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Moral Modes of Attention: Transformation of the Self From Addict to Ultramarathon Runner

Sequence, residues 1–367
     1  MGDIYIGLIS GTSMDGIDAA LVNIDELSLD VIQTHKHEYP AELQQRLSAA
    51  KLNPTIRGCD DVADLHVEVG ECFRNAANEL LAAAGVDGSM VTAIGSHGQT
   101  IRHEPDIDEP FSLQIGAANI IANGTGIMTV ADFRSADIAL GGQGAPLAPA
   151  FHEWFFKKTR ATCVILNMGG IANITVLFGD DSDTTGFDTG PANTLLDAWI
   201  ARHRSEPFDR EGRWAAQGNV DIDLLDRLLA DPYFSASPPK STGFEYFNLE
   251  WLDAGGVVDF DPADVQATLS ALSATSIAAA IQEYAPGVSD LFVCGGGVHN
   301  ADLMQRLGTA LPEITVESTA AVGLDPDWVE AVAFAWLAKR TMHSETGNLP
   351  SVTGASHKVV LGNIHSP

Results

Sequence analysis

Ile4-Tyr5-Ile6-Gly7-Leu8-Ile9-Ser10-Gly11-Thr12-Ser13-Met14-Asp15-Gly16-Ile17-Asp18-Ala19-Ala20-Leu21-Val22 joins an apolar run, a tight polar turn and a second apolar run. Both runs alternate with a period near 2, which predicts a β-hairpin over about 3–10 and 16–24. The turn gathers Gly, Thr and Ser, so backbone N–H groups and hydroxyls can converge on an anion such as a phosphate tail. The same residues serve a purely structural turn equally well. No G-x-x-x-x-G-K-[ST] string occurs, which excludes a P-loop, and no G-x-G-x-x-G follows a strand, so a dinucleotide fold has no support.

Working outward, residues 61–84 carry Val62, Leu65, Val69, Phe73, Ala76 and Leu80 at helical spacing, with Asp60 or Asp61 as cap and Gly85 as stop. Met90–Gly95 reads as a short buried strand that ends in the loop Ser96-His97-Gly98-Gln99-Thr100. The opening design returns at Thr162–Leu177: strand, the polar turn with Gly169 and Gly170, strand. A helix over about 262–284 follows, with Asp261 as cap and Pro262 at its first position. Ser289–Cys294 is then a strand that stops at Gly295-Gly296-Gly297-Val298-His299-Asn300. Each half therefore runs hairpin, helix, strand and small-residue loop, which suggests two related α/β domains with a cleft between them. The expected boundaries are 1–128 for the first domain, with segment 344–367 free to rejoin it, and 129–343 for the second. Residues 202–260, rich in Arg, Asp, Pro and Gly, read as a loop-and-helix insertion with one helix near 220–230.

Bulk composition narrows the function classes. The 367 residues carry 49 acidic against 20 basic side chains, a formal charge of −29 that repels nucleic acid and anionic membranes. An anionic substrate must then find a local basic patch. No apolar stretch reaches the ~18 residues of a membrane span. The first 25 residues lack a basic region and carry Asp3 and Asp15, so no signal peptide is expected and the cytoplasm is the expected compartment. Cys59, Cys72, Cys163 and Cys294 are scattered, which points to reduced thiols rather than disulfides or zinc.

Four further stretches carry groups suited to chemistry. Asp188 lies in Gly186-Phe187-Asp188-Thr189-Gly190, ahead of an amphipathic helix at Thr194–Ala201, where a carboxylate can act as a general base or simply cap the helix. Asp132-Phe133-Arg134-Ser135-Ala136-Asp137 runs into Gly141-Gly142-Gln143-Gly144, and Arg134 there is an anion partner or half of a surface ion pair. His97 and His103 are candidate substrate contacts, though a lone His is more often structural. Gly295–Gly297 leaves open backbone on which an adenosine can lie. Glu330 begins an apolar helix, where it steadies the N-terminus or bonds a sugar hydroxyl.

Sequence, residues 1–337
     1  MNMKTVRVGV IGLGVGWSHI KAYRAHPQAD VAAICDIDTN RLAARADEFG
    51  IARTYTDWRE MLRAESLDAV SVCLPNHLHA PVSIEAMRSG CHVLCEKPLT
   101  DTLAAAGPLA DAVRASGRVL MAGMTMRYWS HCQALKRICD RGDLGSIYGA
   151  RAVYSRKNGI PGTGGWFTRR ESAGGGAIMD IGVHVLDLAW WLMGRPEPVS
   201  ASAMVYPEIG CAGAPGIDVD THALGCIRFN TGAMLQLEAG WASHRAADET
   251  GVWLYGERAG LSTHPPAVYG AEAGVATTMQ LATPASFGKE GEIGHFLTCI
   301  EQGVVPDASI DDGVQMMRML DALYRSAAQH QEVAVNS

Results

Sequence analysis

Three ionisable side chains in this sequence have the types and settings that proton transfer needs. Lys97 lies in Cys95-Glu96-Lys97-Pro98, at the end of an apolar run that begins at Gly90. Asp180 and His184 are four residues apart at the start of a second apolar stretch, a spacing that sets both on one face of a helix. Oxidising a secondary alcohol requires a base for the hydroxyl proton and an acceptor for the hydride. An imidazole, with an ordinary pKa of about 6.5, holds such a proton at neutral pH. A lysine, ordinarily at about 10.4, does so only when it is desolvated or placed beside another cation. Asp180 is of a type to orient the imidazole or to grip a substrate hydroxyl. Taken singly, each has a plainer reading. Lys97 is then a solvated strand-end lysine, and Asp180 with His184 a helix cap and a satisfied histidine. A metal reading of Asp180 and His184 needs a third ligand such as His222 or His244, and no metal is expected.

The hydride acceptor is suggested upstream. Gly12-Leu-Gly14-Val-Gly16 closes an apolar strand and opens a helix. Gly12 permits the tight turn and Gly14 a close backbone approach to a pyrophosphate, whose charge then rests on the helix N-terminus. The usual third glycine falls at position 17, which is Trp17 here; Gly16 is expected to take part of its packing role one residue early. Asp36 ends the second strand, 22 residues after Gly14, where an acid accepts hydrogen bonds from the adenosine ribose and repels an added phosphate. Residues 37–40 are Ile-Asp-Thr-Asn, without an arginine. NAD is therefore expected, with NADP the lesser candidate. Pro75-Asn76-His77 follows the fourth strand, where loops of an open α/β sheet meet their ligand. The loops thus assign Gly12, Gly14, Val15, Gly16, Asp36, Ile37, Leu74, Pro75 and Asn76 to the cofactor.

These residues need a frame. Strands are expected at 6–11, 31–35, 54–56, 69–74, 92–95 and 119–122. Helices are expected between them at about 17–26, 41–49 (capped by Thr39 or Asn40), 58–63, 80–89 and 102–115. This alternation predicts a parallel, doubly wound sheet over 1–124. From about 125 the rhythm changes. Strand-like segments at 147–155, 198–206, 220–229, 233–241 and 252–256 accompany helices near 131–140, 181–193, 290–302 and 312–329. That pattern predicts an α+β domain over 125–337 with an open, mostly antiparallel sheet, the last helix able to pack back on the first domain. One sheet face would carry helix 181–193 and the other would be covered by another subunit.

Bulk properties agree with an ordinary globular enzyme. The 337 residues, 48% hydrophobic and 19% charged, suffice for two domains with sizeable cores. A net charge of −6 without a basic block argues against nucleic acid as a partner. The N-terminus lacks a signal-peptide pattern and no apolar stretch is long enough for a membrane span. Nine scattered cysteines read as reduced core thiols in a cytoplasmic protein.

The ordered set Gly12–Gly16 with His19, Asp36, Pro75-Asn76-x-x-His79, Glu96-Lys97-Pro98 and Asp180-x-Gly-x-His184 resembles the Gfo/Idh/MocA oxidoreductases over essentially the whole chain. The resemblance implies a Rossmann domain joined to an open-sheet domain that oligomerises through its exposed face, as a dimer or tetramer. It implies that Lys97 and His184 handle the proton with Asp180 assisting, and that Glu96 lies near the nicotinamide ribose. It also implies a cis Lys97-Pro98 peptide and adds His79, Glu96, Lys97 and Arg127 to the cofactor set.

For individuals whose conditions of daily life are undesirable, even painful, turning attention away from these experiences can serve as a form of relief, and ultimately a method for more long-term coping with their lifeworlds. Building on Thomas Csordas's somatic modes of attention, this paper looks at the way different modes of attention are actively sought with and through the body for a particular group former heroin addicts turned ultra marathon runners. The individuals introduced, instead of undergoing attentional relief through the reception of narcotics, alternatively found they could achieve a reportedly comparable form of relief with an active body's movements through a psychologically gripping and meaningful landscape. Explicitly comparing running ultramarathons to the feeling of being high, these runners find temporary relief through the ephemeral suspension of the demands of both life and the embodied expectations of sober moral transformation. Ultimately, this presentation interrogates what it means to be high, and demonstrates the needed consideration of landscape and space in therapeutic modes of attention.

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